Bodywork & Massage during First Trimester Pregnancy
The first trimester of pregnancy can be the most intense phase of pregnancy for many women. We go from being our normal selves to quickly becoming someone we may not even recognize. As our bodies shift to the focus of growing a baby, there is a tremendous shift in hormones, including the hormones being made and circulated by the placenta. These hormones affect how we feel and think about things, changing how we respond to a given situation. A sappy story on the radio makes you cry, that annoying little thing your spouse did last weekend is suddenly the focus of an enraged outburst, you catch every little cold and bug that's going around, you can't eat, you can't sleep, you can't do your normal daily routine because you're exhausted. You want to vomit. You feel like a stranger in your own body, and yet no one around you recognizes what's going on unless you've informed them you're pregnant. Your growing baby is still so tiny, the changes in your body remain subtle to the outside world for weeks to come.
When I was pregnant I was in a constant state of nausea and fatigue. My rational mind took a backseat to surging, confused emotions. I was simultaneously full of happiness and fear. There were many dark thoughts: Was I ready to deal with pregnancy? Were my husband and I in a good place to support a child? What kind of mother would I be? Had I already harmed the embryo when I drank that extra glass of wine before I knew I was pregnant? What if the baby is born sick or malformed? What if I miscarry or have a stillbirth? On days when I did not feel so nauseous and fatigued I feared I was no longer pregnant - ironically feeling horrible indicated to me that everything was ok.
These are such dark intense worries to flounder in, on top of the physical misery of first trimester. But society expects us to be rejoicing and doesn't allow much space for processing a very big change.
My experience with bodywork and massage during my first trimesterI had booked a session with a mentor practitioner of mine weeks in advance, and thus long before I knew I was pregnant. When I went to see her, instead of receiving any kind of bodywork that day, I spent the whole session talking, ranting and crying. Before going into the session I'd had no idea I could be so emotional, or that there was 'unfinished business' in my heart.b It all just suddenly came pouring out. But the bodywork-turned-talk session' was good for me, and because it was in a therapeutic setting, I could empty out my thoughts and worries without feeling judged.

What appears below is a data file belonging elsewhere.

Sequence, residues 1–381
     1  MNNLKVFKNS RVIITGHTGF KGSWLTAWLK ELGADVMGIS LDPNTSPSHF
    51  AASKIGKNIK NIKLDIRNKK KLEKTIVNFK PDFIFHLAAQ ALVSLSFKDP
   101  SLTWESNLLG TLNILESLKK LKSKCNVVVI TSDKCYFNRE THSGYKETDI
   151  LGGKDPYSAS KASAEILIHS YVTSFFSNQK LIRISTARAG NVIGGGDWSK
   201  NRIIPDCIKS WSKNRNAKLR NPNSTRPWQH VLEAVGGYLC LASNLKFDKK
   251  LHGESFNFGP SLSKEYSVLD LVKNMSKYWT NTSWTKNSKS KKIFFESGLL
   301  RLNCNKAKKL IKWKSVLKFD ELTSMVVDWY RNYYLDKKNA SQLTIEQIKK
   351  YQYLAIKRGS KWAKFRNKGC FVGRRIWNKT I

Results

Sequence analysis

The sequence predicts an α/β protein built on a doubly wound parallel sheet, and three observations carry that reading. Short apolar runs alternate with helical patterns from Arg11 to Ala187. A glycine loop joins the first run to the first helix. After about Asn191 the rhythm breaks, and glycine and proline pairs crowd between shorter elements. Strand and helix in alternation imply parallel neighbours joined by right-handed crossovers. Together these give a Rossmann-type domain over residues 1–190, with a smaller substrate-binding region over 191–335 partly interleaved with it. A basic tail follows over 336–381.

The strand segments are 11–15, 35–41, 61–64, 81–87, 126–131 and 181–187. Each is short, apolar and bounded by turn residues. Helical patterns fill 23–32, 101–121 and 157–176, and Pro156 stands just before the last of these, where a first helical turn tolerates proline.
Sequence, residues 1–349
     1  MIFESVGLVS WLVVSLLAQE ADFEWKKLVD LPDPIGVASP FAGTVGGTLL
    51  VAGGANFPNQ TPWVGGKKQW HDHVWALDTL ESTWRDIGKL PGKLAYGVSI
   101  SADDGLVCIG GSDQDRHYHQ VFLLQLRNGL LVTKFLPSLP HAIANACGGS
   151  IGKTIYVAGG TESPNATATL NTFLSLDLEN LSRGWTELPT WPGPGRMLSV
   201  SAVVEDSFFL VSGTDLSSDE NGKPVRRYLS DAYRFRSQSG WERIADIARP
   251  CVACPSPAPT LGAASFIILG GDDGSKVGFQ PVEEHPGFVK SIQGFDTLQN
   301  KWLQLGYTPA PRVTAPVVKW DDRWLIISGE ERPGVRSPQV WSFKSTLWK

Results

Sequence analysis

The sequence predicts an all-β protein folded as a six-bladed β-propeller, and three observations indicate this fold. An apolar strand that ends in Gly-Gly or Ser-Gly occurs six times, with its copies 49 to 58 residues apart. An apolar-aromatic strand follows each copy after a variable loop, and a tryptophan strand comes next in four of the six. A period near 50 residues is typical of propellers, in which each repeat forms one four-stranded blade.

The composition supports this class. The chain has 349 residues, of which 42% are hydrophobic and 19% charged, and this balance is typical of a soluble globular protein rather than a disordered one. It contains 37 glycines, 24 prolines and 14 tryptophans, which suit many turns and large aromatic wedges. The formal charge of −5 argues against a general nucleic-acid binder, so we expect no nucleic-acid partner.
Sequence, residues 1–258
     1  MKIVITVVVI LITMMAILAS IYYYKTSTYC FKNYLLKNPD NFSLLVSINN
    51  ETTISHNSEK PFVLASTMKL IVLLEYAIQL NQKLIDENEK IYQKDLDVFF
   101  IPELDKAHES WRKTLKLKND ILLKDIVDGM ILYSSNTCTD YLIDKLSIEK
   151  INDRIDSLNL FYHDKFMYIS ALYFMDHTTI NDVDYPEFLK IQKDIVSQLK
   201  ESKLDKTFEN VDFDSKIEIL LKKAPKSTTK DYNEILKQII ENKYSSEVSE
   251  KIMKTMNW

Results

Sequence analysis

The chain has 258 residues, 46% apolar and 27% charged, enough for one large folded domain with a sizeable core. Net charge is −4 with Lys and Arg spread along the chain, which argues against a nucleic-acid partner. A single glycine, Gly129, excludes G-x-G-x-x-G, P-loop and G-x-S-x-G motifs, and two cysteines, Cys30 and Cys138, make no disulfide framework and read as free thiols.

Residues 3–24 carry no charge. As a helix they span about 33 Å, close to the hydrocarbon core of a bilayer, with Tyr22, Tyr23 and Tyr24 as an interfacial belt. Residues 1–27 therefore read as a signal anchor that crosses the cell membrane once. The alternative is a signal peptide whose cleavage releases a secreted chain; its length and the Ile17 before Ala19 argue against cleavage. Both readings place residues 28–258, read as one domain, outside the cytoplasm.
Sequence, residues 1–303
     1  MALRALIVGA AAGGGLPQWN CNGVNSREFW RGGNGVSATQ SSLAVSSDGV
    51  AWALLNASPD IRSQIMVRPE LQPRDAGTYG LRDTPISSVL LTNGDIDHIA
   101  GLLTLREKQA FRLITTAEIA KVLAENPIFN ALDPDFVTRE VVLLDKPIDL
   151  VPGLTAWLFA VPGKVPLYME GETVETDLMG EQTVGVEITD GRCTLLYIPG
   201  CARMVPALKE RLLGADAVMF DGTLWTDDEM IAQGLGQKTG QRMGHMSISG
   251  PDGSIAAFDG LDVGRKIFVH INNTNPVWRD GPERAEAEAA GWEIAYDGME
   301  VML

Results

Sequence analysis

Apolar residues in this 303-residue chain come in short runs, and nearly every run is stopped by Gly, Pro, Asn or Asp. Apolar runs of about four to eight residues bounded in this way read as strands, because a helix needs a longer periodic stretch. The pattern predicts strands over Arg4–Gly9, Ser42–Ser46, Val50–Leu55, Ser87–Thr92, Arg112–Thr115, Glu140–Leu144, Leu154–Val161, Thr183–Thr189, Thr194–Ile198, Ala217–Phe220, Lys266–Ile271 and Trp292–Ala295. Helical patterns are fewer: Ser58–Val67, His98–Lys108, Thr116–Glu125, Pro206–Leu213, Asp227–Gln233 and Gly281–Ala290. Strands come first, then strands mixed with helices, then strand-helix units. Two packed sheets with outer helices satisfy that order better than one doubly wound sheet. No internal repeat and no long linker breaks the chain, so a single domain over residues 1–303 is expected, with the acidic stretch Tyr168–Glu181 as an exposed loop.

Although I was used to receiving frequent and various kinds of bodywork, during my first trimester I suddenly had little or even no desire to receive touch. I also did not feel confident or trusting of very many therapists, I became very particular about from whom I got my bodywork. Craniosacral therapy was ok, and the work is inherently slow, works on myriad layers of the self, and at the very least helped me feel more emotionally balanced.
Surprisingly gentle foot massage, which I received from friends and my husband, helped mediate my nausea. I would've loved to have it everyday. But otherwise I was not interested in relaxation or swedish massage, nor even my beloved myfascial therapy (MFT). This makes sense, since MFT changes relationships within the body and my body was already undergoing changes; it didn't need any extra external input on how to change, at least during the early stages of pregnancy. In later weeks of pregnancy, MFT may be indicated to help the body more comfortably accommodate the growing baby (or in my case, babies).